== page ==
be whether you’re bringing on a consultant, whether you’re bringing on a new team member, an outsourced resource, that handoff, whether it’s you to someone else or your team to someone else and getting that delegation culture appropriate delegation, it really can stop your growth and it can really add to your stress. But if you turn it around and you do it right, that’s why for me, people is so important. They can.

Absolutely change your world because there is a way to be in control. There is a way to trust It’s just how you pass that on to someone else to take it and run with it makes all the difference

Anthony Codispoti (24:45.028)
Slightly different question, but similar. What’s some low -hanging fruit for most companies that if they just did these one or two somewhat simple things, would make a big difference in their business?

Jen Hamiltno (24:57.338)
So I’ll go with a similar piece. One is I almost always am looking at, especially for the business owner, what are the administrative things that you are doing? I was talking to one yesterday and she’s got this company she’s had for over 20 years, really successful, good sized team. She’s still doing payroll. And I’m like, my goodness. You know, so what are the things that administratively that you should no longer be doing at the stage that you’re at and or start?

to delegate off to people who can do it probably better than you to free you up to do the things that are best for you. The other low hanging firm, so that’s an easy one because you could start with a part -time administrative support. You can grow into it, you could try different firms. I love to be able to just start to pull things off of their plate. The other one that’s relatively easy,

is I would challenge most people to look at what are they charging. It may not mentally or emotionally be easy, but it is relatively easy to grow your revenue and hit your profitability because your prices are too low. And I say that because we as humans, and I will throw myself under the bus on this one, I work with a lot of female entrepreneurs, not only female entrepreneurs, but a lot of them were really good at undervaluing ourselves.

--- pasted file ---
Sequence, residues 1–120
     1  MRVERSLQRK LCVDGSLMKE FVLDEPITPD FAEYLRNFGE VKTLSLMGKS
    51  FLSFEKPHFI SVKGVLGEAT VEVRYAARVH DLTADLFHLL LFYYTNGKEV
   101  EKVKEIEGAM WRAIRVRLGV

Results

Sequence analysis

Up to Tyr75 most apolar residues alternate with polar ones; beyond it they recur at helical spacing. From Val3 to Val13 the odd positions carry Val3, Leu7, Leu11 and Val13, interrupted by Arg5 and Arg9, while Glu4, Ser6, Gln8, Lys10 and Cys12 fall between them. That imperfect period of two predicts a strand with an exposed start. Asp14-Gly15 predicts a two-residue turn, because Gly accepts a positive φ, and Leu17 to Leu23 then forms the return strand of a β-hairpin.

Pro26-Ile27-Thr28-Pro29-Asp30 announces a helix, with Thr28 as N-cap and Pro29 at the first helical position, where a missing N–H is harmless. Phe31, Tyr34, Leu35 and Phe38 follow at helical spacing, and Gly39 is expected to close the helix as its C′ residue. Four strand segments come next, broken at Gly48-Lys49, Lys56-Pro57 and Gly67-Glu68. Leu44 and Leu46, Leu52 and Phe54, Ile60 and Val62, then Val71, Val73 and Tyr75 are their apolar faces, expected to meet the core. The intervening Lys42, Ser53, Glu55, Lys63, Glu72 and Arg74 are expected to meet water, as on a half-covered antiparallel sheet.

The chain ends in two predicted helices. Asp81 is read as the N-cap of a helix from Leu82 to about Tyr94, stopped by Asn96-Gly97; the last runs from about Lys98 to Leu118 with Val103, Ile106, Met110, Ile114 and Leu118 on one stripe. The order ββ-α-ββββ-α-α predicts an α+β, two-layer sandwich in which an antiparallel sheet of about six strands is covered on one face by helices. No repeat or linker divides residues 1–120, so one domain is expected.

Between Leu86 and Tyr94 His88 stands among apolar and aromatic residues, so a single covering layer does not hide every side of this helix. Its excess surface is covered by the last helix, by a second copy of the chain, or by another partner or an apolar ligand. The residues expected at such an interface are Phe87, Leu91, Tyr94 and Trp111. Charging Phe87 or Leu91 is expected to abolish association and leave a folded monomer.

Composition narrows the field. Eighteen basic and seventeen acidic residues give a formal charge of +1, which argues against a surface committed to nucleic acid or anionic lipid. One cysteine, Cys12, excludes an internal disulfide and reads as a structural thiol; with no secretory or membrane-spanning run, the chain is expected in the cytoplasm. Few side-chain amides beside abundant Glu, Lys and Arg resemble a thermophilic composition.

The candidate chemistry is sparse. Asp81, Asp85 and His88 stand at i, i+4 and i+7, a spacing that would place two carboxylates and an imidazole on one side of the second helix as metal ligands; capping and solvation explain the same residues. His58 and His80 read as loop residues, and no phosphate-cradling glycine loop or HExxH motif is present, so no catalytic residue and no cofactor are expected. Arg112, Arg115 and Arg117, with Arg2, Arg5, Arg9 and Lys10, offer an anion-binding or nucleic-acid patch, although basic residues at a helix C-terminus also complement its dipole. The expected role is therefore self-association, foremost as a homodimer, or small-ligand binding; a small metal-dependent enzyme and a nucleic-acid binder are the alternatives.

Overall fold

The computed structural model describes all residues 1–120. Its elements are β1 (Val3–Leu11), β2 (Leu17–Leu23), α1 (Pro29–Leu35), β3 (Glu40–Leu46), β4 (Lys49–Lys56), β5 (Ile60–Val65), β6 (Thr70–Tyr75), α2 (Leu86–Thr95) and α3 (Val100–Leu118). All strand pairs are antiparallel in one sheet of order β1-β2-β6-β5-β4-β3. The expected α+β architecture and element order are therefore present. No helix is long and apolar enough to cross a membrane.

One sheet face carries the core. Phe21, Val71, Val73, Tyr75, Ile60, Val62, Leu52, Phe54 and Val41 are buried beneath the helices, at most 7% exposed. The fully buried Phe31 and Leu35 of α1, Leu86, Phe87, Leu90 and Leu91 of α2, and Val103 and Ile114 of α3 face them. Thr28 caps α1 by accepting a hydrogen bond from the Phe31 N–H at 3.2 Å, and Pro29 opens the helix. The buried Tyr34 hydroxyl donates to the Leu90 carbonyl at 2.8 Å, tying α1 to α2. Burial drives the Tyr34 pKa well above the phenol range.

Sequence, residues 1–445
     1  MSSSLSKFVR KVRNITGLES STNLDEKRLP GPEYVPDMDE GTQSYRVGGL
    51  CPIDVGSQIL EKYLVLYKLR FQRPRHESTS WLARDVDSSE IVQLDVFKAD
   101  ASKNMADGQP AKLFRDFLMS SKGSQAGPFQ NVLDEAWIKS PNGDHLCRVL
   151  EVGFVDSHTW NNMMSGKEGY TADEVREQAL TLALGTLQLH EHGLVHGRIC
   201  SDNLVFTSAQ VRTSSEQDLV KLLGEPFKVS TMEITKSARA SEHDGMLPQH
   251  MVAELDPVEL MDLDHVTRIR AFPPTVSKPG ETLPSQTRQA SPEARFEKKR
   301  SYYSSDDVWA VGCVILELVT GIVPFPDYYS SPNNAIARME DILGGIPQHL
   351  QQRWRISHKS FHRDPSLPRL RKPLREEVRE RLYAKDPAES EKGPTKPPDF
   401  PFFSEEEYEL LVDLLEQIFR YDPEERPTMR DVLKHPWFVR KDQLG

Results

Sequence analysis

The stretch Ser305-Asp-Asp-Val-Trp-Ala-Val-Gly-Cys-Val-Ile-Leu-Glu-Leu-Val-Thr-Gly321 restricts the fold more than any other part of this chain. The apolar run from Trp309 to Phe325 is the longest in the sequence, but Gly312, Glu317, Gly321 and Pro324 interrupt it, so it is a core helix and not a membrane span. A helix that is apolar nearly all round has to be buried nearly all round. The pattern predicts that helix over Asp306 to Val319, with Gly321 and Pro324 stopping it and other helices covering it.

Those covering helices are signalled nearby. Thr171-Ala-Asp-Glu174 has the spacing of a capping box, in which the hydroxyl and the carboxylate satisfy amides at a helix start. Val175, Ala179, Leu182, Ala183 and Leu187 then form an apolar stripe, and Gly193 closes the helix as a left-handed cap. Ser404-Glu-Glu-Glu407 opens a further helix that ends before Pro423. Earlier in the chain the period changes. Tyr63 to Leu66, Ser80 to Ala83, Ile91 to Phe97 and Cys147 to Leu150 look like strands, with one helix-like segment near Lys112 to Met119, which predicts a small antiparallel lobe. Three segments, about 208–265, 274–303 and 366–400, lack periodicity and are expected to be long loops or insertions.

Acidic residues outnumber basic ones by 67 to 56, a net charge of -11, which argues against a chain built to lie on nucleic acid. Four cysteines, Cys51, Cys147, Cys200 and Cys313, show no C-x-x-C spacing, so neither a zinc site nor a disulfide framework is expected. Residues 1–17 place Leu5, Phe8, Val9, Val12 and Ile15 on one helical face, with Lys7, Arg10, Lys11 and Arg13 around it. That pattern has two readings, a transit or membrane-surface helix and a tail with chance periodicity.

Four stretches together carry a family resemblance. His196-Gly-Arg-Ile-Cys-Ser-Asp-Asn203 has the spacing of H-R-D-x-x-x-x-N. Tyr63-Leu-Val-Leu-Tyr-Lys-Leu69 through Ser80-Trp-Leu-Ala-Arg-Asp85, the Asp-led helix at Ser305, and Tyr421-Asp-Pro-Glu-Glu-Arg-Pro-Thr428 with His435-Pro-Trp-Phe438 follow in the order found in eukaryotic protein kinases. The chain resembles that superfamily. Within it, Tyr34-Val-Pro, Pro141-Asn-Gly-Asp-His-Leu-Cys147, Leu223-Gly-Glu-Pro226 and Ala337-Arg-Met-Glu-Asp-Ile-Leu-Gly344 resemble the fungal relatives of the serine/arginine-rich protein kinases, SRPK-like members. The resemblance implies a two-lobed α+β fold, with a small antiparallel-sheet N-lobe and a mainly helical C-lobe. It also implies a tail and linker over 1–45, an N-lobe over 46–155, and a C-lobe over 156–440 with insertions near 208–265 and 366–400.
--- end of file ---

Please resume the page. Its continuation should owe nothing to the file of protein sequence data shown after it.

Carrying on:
So being able to just get your prices to the place where you have some freedom to invest in your company, have profitability to reinvest in your company, cover the costs you really need to pay, including yourself. A lot of times we don’t pay ourselves market value. So increasing your fee and really getting yourself out of your comfort zone. How can I?

charge more does have a ripple effect that allows you to do some of these other infrastructure things.

Anthony Codispoti (26:58.052)
Aside from boosting up your prices, what’s something interesting that you’ve done to encourage clients to, I don’t know, maybe lower costs or increase sales, other ways, other interesting ways to increase profitability?

Jen Hamiltno (27:13.498)
I’ll do one on each side. So on the sales side, I know it sounds rudimentary, but really putting asking for referrals. So in upsells, so a lot of times you just kind of put your clients or your customers on autopilot and forget that they are likely satisfied, if not fix that, but likely satisfied and can be a resource for you.

to continue to make an impact, to continue to serve or support. And so people will say, yeah, I asked for referrals, but do you have a system? So you’re systematically asking for referrals and systematically finding what’s the next thing they may need. Honoring that person, not doing it just out of because I need to, but a system around it. That’s what most people are missing.

So by putting these things in place, you don’t have to think about it, you don’t have to remember, and we’re doing it at the right time, it’s right time for the relationship. So that’s one on the sales side. On the expense side, it’s really about, again, you can hear I’m all about people and delegation, it’s really about getting work off of the plates of people who shouldn’t be doing that job. So a lot of people will say write people, write seats.